we saw nor heard a single one. In the shallow ditches full of reed
Phragmites the croaking song of the Reed Warbler still dominates, almost
every ditch seems to have its pair. As everywhere in Holland, Common
Buzzards Buteo buteo have staged a comeback and are now common, where all
raptors except Sparrow Hawk and Kestrel were rare in my youth. (but I have
proudly found and watched both Osprey and Sea Eagle here in my youth)

On the saltmarshes the character bird is the Redshank, together with gulls
of several types, with Black-headed and Herring gulls dominating, Mallards
and Shelducks. I have the impression that the number of Shelducks may even
have increased, they are everywhere now.  Lapwings nest on the higher part
of the saltmarshes, Oystercatchers spread over the entire area, and Ringed
Plovers run around among the Salicornia in the lower parts. Now in summer
the birds on the mudflats are dominated by Bar-tailed Godwits and Grey
(Black-bellied) Plovers---I am sorry to say that this is one of the points
where my memory is somewhat hazy as to the earlier situation. But I do
remember the Brent Geese from my early youth---and the old man, who once
explained their local name to me, and added: "Ze bin nie lekker!" (='They
don't taste well!'). Common Terns fish over the shallows, and generally the
picture is as I remember it from before. The only definite newcomer here is
the Marsh Harrier, now regularly seen quartering the saltmarshes both in
the Eastern and the Western Scheldt, and also the fields in between; I am
almost ccertain they were absent in my youth.

In the low-lying meadows and creek-remnants the situation also seems
virtually unchanged: Redshanks and Lapwings are numerous, Mallards and
Shelducks common, and Oystercatchers and a few small plovers, mostly
Ringed, but occasionally Kentish also nest. The star denizen here, in my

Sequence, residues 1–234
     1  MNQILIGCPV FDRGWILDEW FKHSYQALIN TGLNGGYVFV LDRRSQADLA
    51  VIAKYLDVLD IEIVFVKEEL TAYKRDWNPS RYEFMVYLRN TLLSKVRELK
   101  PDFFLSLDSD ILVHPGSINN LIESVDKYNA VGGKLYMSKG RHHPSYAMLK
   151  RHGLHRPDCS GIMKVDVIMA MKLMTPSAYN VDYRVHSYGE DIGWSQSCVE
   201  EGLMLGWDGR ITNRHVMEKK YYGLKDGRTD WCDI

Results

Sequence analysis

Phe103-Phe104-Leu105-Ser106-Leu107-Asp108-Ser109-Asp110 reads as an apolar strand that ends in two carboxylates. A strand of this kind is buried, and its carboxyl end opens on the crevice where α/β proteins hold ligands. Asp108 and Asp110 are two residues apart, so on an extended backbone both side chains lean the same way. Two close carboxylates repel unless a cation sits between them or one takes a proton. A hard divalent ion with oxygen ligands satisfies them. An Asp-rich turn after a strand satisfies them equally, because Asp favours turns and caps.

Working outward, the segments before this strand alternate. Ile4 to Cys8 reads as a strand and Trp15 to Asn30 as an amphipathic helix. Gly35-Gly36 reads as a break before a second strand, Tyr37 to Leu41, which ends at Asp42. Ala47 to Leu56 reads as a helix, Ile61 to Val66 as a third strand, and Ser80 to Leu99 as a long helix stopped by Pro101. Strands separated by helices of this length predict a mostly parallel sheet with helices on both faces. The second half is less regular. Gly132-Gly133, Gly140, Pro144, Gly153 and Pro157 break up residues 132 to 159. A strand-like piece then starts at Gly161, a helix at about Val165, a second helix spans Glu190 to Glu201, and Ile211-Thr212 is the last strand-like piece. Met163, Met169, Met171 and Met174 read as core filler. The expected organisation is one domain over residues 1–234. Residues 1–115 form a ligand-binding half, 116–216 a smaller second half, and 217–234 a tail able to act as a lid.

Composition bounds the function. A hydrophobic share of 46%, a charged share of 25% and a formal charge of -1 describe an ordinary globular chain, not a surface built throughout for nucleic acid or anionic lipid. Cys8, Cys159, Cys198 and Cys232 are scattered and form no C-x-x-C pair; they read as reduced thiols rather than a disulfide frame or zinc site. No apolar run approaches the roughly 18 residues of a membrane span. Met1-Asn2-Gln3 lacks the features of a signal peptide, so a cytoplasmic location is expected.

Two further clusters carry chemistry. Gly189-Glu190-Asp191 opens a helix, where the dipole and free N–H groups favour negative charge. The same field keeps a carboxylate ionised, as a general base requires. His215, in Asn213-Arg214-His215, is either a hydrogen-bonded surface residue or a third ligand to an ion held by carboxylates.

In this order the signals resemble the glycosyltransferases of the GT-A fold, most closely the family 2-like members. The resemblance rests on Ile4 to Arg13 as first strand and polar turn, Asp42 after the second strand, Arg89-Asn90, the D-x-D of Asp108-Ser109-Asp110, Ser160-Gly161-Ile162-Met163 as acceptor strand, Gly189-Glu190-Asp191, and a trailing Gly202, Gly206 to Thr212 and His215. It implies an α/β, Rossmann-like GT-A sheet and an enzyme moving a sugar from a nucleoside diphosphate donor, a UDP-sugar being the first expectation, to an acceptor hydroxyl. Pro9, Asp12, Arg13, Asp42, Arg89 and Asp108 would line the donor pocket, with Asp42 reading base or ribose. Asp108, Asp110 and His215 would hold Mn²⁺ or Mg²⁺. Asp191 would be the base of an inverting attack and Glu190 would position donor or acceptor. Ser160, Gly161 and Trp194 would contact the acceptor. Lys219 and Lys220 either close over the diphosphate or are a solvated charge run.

eyes, is nevertheless the super elegant Avocet, one of my favourite birds
since early youth, a symphony in black and white (And more stylishly
beautiful still, in my eyes, than the more colourful American and
Australian Avocets). The Kluut (as so many Dutch bird, this one has been
allowed to name itself; the Redshank is the Tureluur, the Lapwing the
Kievit, and the Black-tailed Godwit the Grutto. The Black-crowned
Night-heron too is called the Kwak in Holland, and I was pleased to learn
that the Falklanders too called this cosmopolitan bird the Quark) is a
quite common bird in this region, as it was in my youth, and that is a
great pleasure.

There were definitely many more tall and dense hedgerows, mainly of
Hawthorn Crataegus, between the fields and on the sides of the many dikes
(there were also many stately rows of large Elms on the dikes themselves,
all fallen as a result of the Dutch Elm disease since), but there are
enough remnants left to feel a little of the glory of these rich bird
habitats. I did not know all the bird songs in my youth, so can not compare
all that well. But I definitely think there are many more Chiffchaffs now,
and also Blackcaps, and maybe less Garden Warblers. Willow Warblers still
occur, as do Robins, Chaffinches and of course thrushes (Blackbird, Song
and Mistle Thrush). And I now have learned to recognize icterine from Marsh
Warbler Song and can tell you that both are still quite common, as is the
abrupt Common Whitethroat, while the Lesser Whitethroat still is
considerable less common here, but does occur. Turtle Doves still murmur in